Why is Nevada short on cash?

Patrick Gibbons

After Nevada increased taxes in 2003 (new revenues were collected for FY 2004) Nevada's government rode atop a booming revenue source that was riding atop a booming economy. As a result, general fund revenue collections increased 28 percent, and overall government spending increased 17.6 percent.

Nevada's policymakers went on to spend every dime and assumed the good times would continue. This is not just a rhetorical claim – it is the very reason we have a general fund revenue shortfall.

Nevada assumed that it would collect $3.5 billion for the 2009 fiscal year. Today, that number is estimated to be down to $2.9 billion. The shortfall is the difference between what they thought they would collect and reality.  The graph below (adjusted for inflation to 2008 dollars) demonstrates that reality.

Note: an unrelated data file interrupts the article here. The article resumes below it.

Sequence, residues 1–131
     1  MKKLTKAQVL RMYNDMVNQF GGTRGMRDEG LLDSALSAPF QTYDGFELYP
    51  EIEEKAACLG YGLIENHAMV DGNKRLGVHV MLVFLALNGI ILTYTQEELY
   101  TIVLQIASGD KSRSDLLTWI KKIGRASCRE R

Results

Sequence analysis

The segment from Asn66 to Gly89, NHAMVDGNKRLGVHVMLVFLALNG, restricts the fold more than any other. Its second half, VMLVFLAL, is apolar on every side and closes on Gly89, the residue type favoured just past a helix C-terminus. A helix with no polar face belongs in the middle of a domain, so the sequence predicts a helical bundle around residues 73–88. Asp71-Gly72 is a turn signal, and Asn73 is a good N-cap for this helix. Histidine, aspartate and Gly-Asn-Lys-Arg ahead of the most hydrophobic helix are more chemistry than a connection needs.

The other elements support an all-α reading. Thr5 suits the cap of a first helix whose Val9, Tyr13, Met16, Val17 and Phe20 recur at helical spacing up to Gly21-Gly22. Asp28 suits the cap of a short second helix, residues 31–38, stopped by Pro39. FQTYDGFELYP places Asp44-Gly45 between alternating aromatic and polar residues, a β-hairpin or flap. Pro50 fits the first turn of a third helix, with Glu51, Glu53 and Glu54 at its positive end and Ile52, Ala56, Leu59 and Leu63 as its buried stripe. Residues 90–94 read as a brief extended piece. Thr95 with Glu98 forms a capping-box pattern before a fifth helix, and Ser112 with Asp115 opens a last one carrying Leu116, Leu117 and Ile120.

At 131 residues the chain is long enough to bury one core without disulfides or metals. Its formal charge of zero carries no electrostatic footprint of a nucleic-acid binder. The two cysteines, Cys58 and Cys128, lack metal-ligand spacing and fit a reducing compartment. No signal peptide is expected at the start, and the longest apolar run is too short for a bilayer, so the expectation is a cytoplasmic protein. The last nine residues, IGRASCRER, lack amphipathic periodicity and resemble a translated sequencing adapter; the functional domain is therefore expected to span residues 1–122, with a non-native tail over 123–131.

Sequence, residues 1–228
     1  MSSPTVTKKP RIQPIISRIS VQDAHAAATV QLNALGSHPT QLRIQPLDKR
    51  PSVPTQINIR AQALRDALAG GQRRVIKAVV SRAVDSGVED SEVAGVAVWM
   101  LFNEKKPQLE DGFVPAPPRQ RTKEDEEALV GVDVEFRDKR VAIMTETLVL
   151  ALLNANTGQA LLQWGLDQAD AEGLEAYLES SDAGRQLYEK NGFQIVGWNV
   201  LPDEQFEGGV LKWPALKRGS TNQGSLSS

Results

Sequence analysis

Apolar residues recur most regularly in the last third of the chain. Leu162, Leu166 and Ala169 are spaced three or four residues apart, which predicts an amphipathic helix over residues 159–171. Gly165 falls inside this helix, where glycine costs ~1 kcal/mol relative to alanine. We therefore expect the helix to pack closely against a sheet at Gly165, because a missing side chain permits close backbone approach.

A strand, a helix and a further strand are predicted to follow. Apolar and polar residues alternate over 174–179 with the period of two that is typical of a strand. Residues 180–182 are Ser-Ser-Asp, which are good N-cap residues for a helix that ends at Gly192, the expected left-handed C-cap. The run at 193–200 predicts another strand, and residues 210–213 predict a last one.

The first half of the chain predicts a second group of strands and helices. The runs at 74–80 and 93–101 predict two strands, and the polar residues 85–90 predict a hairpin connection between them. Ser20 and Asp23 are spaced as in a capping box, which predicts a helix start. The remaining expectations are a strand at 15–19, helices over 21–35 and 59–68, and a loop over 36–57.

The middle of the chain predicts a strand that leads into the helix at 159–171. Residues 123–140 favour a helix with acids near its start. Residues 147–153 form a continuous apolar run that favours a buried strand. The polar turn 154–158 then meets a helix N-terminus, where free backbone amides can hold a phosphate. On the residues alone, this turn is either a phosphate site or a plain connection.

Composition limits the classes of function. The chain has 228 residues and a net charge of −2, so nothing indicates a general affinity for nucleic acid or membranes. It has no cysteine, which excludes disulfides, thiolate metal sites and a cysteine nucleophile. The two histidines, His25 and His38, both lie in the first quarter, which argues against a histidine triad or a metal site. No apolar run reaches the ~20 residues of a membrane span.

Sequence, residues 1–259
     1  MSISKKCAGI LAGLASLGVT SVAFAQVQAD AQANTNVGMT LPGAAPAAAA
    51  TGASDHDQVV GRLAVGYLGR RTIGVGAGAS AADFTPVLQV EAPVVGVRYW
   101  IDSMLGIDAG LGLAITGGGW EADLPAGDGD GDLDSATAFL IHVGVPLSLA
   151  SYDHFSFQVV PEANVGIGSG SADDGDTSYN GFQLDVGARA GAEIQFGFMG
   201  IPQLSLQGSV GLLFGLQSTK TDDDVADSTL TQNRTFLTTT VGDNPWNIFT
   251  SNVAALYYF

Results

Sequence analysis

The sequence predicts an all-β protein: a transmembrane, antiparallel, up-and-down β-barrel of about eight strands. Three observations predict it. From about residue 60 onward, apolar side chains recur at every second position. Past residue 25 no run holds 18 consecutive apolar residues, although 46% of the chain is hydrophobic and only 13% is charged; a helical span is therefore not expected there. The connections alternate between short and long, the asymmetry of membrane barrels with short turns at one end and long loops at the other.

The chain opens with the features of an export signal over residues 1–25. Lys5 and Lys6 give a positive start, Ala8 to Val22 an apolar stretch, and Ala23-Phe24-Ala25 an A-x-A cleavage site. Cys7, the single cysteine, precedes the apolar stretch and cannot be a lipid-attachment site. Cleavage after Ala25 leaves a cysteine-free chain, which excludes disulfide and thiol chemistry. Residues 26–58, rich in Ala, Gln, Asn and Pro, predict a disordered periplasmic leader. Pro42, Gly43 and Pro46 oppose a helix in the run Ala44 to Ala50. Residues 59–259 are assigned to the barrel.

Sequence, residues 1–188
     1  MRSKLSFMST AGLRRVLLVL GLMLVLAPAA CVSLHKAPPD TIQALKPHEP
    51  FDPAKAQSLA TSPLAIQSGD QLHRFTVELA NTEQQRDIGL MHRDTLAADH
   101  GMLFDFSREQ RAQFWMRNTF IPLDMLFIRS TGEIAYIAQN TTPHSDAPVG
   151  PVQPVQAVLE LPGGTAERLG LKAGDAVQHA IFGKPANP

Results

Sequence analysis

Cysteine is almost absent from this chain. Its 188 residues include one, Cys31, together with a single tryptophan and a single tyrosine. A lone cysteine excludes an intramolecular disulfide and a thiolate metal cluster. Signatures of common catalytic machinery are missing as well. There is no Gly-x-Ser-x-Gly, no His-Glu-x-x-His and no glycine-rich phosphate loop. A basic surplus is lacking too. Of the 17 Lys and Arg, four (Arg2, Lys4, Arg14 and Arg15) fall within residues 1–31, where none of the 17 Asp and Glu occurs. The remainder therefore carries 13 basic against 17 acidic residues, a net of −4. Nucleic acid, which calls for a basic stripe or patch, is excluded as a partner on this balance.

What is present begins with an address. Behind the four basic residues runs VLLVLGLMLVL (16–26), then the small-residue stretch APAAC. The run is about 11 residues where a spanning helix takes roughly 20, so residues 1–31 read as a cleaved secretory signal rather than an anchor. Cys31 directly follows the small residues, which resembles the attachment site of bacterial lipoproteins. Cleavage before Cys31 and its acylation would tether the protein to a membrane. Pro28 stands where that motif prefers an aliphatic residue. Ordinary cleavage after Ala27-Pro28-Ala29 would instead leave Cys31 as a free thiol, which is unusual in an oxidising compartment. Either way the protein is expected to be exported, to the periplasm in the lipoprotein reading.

In reality, the economy slowed and the value of the U.S. dollar weakened due to inflation. Nevada's budget shortfall was the direct result of overspending in the good times while assuming our ballooning economy would never lose any air.

Trying to keep Nevada's government spending up like it's the good times all over again is not only unrealistic, it is irresponsible.